cover image for grl2grlgrl2grl by Julie Anne Peters

In ten short stories, Peters shares with readers significant moments in the lives of a variety queer youth.

I think what I like best about this collection is the way that it doesn’t try to provide readers with any solutions or answers. Novel length stories about queer youth are so often about dealing with the baggage that tends to come with being queer in a heteronormative society, and thus even when well written usually come to “it gets better” type resolutions. This collection is made up of only glimpses into people’s lives, and the length of the stories precludes any kind of universally uplifting resolution.  Peters is also not afraid to be honest here, and shows us not only heartbreak but the joy of discovery and hate motivated violence as well.  The end result is a collection that’s not only honest and real, but complete in a way that happy endings aren’t.

cover image for Cold SteelCold Steel by Kate Elliot

The conclusion of Elliot’s Spiritwalker trilogy.  In which there are more “Revolutions to plot. Enemies to crush. Handsome men to rescue.” I’d tell you more, except that I would have to include spoilers for the first two books.

There are so many things that I love about this series, but Cat and Bee’s relationship is definitely my favorite.  Closely followed by Cat’s refusal to just sit and let Vai take care of everything, no matter how much she loves him. Also, all of the details about food and clothes and language and customs that make this alternate Earth so real and tangible.

cover image for Code Name VerityCode Name Verity by Elizabeth Wein

I never know what to say about the plot of Code Name Verity because I’m always afraid I’ll reveal too much or color people’s perceptions more then I ought to. So instead I’ll just say that it’s a book about friendship. And war.  About courage and loyalty and so much more.  It’s one of the best books that I’ve read and I want everyone ever to read it too and tell me what they think. So much so that I gave three different people their own copies this Christmas.

(Yes, I’m skipping around and there are some weeks missing.  During weeks 28, 31, 32, and 34 through 37, I didn’t manage to finish any books, so there won’t be any posts for those weeks.  Week 38 is forthcoming, and after that I will be back on track.)

cover image for Treason's ShoreTreason’s Shore by Sherwood Smith

The Venn have retreated from Iasca Leror, but it won’t be long before they return, and stronger than ever.  Inda’s homeland has no hope of defeating the Venn’s mighty navy, Iasca Leror’s military strength lies with their cavalry, not ships.  So Inda, the King’s Shield, is sent to find the pirate fleet he once commanded and recruit them for the cause.  But Inda will need more than that to defeat the Venn, he’ll need to find a way to convince Iasca Leror’s neighbors that it’s in their best interest to work together.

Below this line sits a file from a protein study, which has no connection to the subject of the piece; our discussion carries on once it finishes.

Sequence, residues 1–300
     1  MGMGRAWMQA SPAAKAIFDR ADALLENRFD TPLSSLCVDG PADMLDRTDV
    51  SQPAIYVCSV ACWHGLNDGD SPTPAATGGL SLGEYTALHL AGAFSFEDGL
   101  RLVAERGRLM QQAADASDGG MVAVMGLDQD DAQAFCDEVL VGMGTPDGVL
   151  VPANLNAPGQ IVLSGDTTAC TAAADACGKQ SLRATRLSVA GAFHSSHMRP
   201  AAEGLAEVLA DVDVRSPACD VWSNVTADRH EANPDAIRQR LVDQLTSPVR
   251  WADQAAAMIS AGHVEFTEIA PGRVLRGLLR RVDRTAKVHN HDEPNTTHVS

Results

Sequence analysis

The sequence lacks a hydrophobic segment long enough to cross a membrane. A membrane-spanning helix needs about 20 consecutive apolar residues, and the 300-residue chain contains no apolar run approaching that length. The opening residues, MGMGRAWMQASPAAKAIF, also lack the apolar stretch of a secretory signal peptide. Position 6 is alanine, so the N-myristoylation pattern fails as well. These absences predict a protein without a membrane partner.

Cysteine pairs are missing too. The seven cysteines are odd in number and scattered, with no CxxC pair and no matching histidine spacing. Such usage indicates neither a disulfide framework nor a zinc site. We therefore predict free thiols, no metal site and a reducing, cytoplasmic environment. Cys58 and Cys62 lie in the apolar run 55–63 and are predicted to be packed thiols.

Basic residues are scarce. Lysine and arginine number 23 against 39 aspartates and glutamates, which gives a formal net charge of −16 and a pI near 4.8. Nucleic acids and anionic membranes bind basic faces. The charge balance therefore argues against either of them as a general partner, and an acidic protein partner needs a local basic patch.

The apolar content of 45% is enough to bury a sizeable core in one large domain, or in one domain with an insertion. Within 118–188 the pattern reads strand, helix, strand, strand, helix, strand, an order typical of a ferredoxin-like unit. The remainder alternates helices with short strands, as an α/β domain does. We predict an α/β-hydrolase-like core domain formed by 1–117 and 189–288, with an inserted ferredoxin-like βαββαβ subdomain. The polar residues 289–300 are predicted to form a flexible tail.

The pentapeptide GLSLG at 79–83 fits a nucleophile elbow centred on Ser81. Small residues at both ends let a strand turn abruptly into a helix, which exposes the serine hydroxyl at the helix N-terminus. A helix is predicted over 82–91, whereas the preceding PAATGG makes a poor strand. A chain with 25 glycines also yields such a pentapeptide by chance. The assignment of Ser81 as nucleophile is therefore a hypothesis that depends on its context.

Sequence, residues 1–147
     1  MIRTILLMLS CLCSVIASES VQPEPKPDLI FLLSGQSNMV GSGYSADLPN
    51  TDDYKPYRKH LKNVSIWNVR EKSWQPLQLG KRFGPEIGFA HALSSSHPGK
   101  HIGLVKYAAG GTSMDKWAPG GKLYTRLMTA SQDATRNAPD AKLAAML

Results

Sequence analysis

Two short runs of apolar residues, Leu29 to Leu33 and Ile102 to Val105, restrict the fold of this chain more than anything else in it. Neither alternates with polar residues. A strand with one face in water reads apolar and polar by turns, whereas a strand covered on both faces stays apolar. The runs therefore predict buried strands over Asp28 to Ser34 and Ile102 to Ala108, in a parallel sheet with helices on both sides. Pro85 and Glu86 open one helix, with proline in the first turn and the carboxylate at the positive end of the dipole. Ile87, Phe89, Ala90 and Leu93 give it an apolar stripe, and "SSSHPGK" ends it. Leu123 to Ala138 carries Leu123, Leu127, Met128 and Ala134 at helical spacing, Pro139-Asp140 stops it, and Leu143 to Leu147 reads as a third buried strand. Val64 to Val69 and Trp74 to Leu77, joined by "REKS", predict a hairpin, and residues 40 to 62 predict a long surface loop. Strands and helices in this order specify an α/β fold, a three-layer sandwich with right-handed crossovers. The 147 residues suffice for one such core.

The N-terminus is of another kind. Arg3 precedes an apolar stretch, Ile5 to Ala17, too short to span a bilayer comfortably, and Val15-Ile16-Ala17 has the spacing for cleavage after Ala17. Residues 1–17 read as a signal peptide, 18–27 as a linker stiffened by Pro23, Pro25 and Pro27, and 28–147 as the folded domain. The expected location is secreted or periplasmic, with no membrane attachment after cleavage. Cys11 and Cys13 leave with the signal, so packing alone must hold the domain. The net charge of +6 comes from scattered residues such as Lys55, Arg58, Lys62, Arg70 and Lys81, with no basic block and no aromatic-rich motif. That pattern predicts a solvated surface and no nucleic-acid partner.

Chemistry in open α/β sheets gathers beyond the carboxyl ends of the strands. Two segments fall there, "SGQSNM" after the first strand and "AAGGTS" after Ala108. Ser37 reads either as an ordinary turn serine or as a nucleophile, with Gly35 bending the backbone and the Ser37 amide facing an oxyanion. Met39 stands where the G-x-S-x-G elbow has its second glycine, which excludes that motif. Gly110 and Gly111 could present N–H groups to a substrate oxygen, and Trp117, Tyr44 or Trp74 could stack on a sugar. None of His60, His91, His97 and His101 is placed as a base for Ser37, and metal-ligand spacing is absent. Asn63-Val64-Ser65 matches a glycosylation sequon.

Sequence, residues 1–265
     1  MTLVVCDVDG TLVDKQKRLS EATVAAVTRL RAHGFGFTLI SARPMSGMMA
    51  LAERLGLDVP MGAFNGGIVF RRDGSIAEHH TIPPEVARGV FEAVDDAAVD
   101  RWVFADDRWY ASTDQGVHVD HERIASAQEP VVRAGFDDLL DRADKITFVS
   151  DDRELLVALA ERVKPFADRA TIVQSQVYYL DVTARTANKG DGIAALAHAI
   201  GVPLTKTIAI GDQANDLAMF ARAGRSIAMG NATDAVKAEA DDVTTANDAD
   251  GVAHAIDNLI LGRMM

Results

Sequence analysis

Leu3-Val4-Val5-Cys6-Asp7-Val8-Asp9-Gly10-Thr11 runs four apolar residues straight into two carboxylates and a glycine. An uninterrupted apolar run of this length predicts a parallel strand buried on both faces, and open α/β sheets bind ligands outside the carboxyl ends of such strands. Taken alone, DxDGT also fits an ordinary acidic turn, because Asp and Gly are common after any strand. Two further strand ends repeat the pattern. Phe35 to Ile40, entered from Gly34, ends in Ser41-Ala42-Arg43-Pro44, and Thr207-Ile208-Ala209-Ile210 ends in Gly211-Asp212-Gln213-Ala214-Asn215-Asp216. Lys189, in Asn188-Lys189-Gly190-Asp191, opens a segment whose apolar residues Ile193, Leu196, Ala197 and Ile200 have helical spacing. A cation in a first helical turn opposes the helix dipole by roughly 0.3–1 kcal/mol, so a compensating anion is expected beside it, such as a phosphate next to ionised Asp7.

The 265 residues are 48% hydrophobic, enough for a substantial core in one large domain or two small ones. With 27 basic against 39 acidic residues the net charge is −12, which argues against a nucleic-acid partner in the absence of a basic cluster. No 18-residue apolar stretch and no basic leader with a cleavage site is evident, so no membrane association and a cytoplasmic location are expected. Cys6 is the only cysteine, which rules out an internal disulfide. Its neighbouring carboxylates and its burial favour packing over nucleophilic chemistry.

I really wasn’t expecting Iasca Leror to fall to the Venn, so the tension instead came from wondering how Inda was going to manage this particular victory, and at what cost.  A question that Smith makes wonderfully complicated and emotional by presenting Inda with a solution that  gives Iasca Leror a fighting chance, but puts Inda himself in conflict with the king he has sworn to obey.

cover image for King's ShieldKing’s Shield by Sherwood Smith

After years of exile, Inda has returned home to Iasca Leror.  His fears of being treated as a traitor are unfounded and Evred, his childhood friend and now king, not only welcomes him with open arms but also with a request that Inda serve him as King’s Shield – the king’s war leader.  Inda, still adjusting to being home, as well the tragic news of his brother’s death, is torn between wanting to serve his king and country, fear that he won’t measure up to expectations, and wanting to spend time with the family he hasn’t seen in years.

There’s always so much going on these books that I’m never quite sure where to begin.  King’s Shield felt a bit slower than the previous two books, I think because so much of the time was spent waiting for the war to begin, and having Inda find out things we already knew.  That said, I loved seeing how both Inda andTau adjusted to life in Iasca Leror and the scenes with the children hiding in the mountains from the Venn were incredibly well done.

cover image for Being Henry DavidBeing Henry David by Cal Armistead